David Leonard “Plans” Album Review

David Leonard

Prime Cuts: Plans, Let Him In, Help Me Believe

Overall Grade: 4.5/5

David Leonard's debut album for Provident Records finds the former NEEDTOBREATHE and All Sons and Daughters' singer returning to form. Whilst his last effort, the Integrity music released "The Wait," was more experimental in sound where most of the songs were drawn-out dreary ballads, "Plans" has a more pop-centric sound. Overall, the songs are brighter and Leonard sounds rejuvenated and not as detached and as morose as on his previous record. The songs, albeit only 6 of them with 4 permutations of the singles, enjoy a greater diversity in style, tempo, and lyrical content. Co-produced by Leonard and Jonathan Smith, the cuts are co-written by Leonard with notable scribes such as Jamie MacDonald, Mia Fieldes, Sam McCabe and others.

The title cut "Plans" is faith-building stuff at its best. Centered around Jeremiah 29:29, Leonard reminds us that God has "bigger and better plans for each of us." As a result, we can entrust our futures and lives to him. With plenty of emotions and plenty of hooks, Leonard proclaims God's goodness on the upbeat "Good Lord." Adding a pinch of NEEDTOBREATHE to a 90s-esque worship tune is "Every Hour." To make the music sound more heavenly, a Gospel choir gets to sing with Leonard on the song's chorus.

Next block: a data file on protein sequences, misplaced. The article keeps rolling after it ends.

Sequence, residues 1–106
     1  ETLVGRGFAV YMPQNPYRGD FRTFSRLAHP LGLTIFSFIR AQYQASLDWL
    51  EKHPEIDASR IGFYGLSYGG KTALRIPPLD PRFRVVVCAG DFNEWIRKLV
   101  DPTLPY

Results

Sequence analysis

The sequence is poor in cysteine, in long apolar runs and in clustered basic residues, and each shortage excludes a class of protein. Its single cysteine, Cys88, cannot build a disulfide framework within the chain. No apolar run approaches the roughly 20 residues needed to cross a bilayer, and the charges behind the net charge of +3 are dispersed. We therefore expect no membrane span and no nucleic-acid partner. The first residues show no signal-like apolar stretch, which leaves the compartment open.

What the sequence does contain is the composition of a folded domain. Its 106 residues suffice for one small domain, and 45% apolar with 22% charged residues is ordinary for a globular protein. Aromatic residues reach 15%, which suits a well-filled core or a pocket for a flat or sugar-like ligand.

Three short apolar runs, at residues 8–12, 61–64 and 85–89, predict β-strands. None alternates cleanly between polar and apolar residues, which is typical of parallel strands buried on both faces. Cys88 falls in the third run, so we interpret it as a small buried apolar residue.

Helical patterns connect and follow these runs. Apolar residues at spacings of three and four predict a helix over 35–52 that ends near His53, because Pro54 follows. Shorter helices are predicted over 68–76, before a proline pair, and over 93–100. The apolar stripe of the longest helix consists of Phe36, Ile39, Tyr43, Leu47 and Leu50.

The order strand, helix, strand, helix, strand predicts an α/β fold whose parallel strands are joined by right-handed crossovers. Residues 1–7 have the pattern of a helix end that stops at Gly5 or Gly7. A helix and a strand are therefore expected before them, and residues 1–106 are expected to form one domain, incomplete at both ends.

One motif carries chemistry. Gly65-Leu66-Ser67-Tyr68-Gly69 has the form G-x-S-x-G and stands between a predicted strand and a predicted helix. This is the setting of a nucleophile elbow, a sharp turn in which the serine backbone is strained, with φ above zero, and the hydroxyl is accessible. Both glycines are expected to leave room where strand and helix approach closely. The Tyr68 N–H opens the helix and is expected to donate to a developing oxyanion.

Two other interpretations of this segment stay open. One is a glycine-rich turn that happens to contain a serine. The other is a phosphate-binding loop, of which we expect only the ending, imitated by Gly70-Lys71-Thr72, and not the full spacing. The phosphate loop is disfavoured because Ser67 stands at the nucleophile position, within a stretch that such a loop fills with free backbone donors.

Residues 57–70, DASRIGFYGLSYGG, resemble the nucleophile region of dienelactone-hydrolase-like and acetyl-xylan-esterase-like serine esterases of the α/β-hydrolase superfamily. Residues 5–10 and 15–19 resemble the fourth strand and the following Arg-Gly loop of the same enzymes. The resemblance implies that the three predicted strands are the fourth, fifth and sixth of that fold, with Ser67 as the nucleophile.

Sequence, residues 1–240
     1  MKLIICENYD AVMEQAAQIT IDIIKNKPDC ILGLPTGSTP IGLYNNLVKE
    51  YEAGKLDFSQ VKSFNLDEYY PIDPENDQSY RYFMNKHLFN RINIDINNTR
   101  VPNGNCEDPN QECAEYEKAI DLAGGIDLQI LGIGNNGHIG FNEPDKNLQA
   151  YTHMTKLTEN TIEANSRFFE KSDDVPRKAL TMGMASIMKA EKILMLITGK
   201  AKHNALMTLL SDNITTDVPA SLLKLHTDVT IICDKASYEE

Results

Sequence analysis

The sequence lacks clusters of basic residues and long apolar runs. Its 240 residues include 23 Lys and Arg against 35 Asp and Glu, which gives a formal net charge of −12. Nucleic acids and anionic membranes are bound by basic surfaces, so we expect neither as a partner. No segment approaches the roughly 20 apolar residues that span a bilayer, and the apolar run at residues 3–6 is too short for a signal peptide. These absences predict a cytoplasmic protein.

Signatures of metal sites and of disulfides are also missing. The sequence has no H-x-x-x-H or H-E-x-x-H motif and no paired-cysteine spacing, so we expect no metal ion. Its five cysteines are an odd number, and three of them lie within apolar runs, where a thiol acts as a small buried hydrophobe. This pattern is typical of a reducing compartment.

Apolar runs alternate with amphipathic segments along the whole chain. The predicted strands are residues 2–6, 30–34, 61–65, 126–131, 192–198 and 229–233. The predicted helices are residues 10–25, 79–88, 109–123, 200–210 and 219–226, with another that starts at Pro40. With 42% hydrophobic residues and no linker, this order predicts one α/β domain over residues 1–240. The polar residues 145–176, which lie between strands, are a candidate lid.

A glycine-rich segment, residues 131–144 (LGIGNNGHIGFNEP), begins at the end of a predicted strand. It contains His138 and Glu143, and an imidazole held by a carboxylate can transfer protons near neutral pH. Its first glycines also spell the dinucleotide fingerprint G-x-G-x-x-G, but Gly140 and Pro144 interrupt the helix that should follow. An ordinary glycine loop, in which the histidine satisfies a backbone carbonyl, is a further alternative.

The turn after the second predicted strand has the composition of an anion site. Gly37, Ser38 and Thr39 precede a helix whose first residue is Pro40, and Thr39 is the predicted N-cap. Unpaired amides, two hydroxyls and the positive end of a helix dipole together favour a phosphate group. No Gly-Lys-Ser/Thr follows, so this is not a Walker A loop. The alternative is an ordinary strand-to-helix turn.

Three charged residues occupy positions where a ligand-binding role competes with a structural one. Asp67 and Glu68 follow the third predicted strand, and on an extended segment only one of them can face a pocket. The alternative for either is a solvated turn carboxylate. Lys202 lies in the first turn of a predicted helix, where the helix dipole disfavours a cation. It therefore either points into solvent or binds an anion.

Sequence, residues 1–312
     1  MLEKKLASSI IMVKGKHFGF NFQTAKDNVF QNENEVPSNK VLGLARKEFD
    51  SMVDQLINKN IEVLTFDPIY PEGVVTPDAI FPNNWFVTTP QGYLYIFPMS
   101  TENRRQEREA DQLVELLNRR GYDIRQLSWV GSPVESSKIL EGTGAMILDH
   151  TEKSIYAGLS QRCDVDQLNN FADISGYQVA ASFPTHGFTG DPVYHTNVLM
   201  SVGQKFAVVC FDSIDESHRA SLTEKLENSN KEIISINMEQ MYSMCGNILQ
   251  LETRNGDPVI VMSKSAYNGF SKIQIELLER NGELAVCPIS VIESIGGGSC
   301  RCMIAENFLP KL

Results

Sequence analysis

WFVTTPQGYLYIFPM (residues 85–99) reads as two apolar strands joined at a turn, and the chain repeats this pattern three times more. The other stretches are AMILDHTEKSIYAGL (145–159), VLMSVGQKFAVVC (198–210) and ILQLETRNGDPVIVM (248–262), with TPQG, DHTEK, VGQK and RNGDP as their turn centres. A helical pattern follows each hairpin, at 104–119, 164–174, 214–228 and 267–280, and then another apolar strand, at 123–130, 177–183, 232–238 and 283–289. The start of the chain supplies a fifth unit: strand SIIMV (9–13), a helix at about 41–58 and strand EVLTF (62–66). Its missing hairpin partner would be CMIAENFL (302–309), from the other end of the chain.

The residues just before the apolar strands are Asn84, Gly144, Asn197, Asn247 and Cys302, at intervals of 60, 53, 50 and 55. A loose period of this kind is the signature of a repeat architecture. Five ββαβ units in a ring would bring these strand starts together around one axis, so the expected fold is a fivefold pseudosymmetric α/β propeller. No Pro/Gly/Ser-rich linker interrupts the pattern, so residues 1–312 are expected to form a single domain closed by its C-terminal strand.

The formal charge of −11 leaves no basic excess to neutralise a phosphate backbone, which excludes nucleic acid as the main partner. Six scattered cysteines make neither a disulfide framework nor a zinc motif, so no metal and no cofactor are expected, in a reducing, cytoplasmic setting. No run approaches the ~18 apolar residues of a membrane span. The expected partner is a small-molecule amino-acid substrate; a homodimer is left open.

Another highlight is the tender "Let Him In," which finds Leonard singing about the joys of inviting Jesus into our lives. The ballad's simple, echoey, and acoustic production is perfect for Leonard's Rodney Crowell-esque vocals. On a similar emotional vein is "Help Me Believe." Commencing as a soft country-ballad before the thunderous descend of sound in the chorus, it's great to hear Leonard singing with such abandonment.

Though marketed as an album, the record only has 6 new songs. Tracks 7-10 comprise of 2 alternative versions of "Good Lord," an acoustic version of "Every Hour," and a medley of "Light a Fire" and All Sons and Daughters' signature tune "Great Are You Lord." Other than being a little on the short end, as far as the number of songs go, "Plans" finds Leonard returning to form.



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